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Essay: Meeting Complex Health and Social Care Needs

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A long-term condition is conceptualized as a condition that cannot presently be cured but can be managed by medication and other therapies (Department of Health, 2012). The management of long-term conditions can be a challenging task for the NHS workforce. In UK the prevalence of long-term conditions is expected to go up due to the growing aging population. Between 2011 and 2018 the cost strain on healthcare system rising from the management of long-term conditions is presumably add £5 billion to the annual cost. It is estimated that £7 out of every £10 spent on health and social care in England is associated with the treatment and management of the population with one or more long-term conditions. Around 15 million people are currently estimated to be living with one or more long-term condition in England alone and this is expected to rise to around 18 million by 2025 (Department of Health, 2014). The essay aims to evaluate a community profile of The Royal Borough of Kensington and Chelsea and focus on the long-term condition of dementia. A brief account of the condition will be discussed followed by prevalence, care pathways, the impact on carers, local policies and identified gaps in the services will be discussed.

The Royal Borough of Kensington and Chelsea is located in inner London and is one of the smallest boroughs. The royal borough is ranked one of the richest towns with an astonishingly high mean income of £116,000 yearly, much higher than that of some parts of London (London’s Poverty Profile, 2017). The average cost of a property is £2 million. However, there is also evidence of economic and social inequality, particularly in the north of the borough, where the Grenfell Tower was located. The wards in this part of the borough have increased rates of low-income, children living in poverty and homeless people compared to the London’s average. There is evidence of health inequalities, such as life expectancy is 16 years less for men living in the most deprived compared to the least deprived wards of the borough. It is said that the affected households are mostly comprised of recent migrants and refugees. Young people whose parents have never been employed are 38 times more likely to die in a fire compared to those whose parents are professionals. The devastating incident in Grenfell Tower clearly provides evidence of the shocking statistics of deprivation and mortality in some areas of the royal borough. Deaths caused by injuries are strongly linked to high levels of deprivation in particular to deaths caused by fires.

An estimated one-fifth of children in the royal borough under the age of 16 are known to be living in poverty (HM Revenue), compared to 37% of all other children in the rest of London. According to the Public Health Indicator (2014), the borough has the third highest number of deaths in London attributable to air pollution. One of the key finding of London’s Poverty Profile (2017) is that the royal borough council eventually houses 72% of homeless people in temporary accommodation outside of the borough due to housing issues. On a more positive note, it was also found that 70% of disadvantaged children going to state-funded schools attain good grades at GCSE in Maths and English. The Royal Borough of Kensington & Chelsea ranks seventh below Westminster ranked first on the Social Mobility Index (The Social Mobility and Child Poverty Commission, 2016). This means that a child from a disadvantaged background growing up in the borough has better chances of socio-economic advancement. It is noted that a person’s mental health and wellbeing risk factors are shaped by social, economic and physical environments such as family, history, debt, unemployment, isolation, and housing. The World Health Organisation (2012) categories these risk factors into three groups, personal, social and economical factors affecting mental wellbeing. In the royal borough, the proportion of people with severe and long-term mental health problems known to the GP in 2015/16 is the highest in London (JSNA, 2016). However, in 2014/15 the figures were slightly lower, 21% of residents aged from 16-74 were known to have a common mental health disorder.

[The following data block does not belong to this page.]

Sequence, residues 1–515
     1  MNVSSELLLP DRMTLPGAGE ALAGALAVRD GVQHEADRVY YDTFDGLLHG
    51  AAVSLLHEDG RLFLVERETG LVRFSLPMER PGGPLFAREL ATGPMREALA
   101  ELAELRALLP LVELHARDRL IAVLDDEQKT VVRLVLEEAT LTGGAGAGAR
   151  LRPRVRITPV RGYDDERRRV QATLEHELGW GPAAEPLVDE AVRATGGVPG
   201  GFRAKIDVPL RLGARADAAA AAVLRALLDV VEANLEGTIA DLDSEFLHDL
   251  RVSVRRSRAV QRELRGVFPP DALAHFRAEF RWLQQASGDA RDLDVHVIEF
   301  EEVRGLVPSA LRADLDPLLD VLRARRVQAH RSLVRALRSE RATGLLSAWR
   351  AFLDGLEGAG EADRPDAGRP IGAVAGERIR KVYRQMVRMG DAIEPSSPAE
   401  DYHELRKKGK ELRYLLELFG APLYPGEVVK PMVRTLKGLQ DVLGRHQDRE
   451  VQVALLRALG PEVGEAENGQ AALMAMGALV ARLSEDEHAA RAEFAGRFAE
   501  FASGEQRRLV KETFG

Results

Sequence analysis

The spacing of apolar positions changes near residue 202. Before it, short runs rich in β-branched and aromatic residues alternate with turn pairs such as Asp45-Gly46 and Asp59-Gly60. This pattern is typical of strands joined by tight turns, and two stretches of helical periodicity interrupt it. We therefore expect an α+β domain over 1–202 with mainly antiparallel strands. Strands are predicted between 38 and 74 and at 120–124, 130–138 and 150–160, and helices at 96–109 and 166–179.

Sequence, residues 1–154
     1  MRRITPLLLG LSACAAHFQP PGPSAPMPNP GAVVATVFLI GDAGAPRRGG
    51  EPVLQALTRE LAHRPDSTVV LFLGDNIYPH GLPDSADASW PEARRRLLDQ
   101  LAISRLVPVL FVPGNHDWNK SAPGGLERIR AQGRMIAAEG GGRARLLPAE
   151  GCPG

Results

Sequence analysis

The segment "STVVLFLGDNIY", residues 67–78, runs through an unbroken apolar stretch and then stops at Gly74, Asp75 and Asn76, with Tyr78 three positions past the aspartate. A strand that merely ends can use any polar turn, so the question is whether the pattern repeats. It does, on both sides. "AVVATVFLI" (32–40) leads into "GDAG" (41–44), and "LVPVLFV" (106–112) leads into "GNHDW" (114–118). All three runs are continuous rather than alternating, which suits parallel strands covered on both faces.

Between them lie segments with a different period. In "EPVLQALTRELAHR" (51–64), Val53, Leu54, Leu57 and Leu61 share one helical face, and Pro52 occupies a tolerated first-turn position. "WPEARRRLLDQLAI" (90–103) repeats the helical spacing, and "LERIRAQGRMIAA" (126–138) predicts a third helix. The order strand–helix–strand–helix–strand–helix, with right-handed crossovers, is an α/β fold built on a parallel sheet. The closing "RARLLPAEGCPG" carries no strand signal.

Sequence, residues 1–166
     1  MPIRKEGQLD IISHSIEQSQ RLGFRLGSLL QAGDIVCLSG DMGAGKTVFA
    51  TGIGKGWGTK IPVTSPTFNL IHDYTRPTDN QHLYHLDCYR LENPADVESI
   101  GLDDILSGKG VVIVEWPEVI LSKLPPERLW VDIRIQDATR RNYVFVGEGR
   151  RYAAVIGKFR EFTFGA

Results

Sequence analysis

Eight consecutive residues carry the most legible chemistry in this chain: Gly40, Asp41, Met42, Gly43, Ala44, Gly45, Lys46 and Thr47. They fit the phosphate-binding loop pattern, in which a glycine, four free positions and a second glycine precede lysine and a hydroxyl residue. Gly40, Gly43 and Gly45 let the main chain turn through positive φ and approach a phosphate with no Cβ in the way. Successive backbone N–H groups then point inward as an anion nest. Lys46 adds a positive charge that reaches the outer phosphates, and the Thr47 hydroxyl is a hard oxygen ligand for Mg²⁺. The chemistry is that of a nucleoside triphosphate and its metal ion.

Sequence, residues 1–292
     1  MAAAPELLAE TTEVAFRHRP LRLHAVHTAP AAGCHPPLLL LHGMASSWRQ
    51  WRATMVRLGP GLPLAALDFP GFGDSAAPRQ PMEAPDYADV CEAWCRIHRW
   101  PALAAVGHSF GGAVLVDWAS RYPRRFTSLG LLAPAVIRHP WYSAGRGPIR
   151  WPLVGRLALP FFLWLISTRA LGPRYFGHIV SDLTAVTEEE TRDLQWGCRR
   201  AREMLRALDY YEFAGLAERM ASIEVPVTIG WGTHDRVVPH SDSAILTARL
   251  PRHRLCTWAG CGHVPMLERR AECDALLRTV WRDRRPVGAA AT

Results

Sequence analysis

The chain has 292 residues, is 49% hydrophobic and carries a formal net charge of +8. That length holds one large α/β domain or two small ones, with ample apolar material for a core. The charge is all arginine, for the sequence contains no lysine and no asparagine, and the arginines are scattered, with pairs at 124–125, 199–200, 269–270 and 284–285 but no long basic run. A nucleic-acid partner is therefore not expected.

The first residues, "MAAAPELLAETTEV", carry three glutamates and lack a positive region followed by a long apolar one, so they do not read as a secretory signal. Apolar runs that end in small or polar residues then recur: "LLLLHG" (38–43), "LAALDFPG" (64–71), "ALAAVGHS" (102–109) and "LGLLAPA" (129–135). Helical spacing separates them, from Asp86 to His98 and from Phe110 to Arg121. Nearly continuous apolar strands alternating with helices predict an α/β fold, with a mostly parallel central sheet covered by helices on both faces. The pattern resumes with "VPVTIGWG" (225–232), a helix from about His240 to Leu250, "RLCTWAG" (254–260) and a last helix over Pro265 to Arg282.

Dementia is an increasingly common long-term mental health condition affecting the older population. According to the World Health Organisation (1992), dementia is, “a syndrome due to disease of the brain, usually of a chronic or progressive nature, in which there is disturbance of multiple higher cortical functions, including memory, thinking, orientation, comprehension, calculation, learning capacity, language, and judgement. Consciousness is not clouded. The impairments of cognitive function are commonly accompanied and occasionally preceded, by deterioration in emotional control, social behaviour, or motivation. This syndrome occurs in Alzheimer’s disease, in cerebrovascular disease, and in other conditions primarily or secondarily affecting the brain.”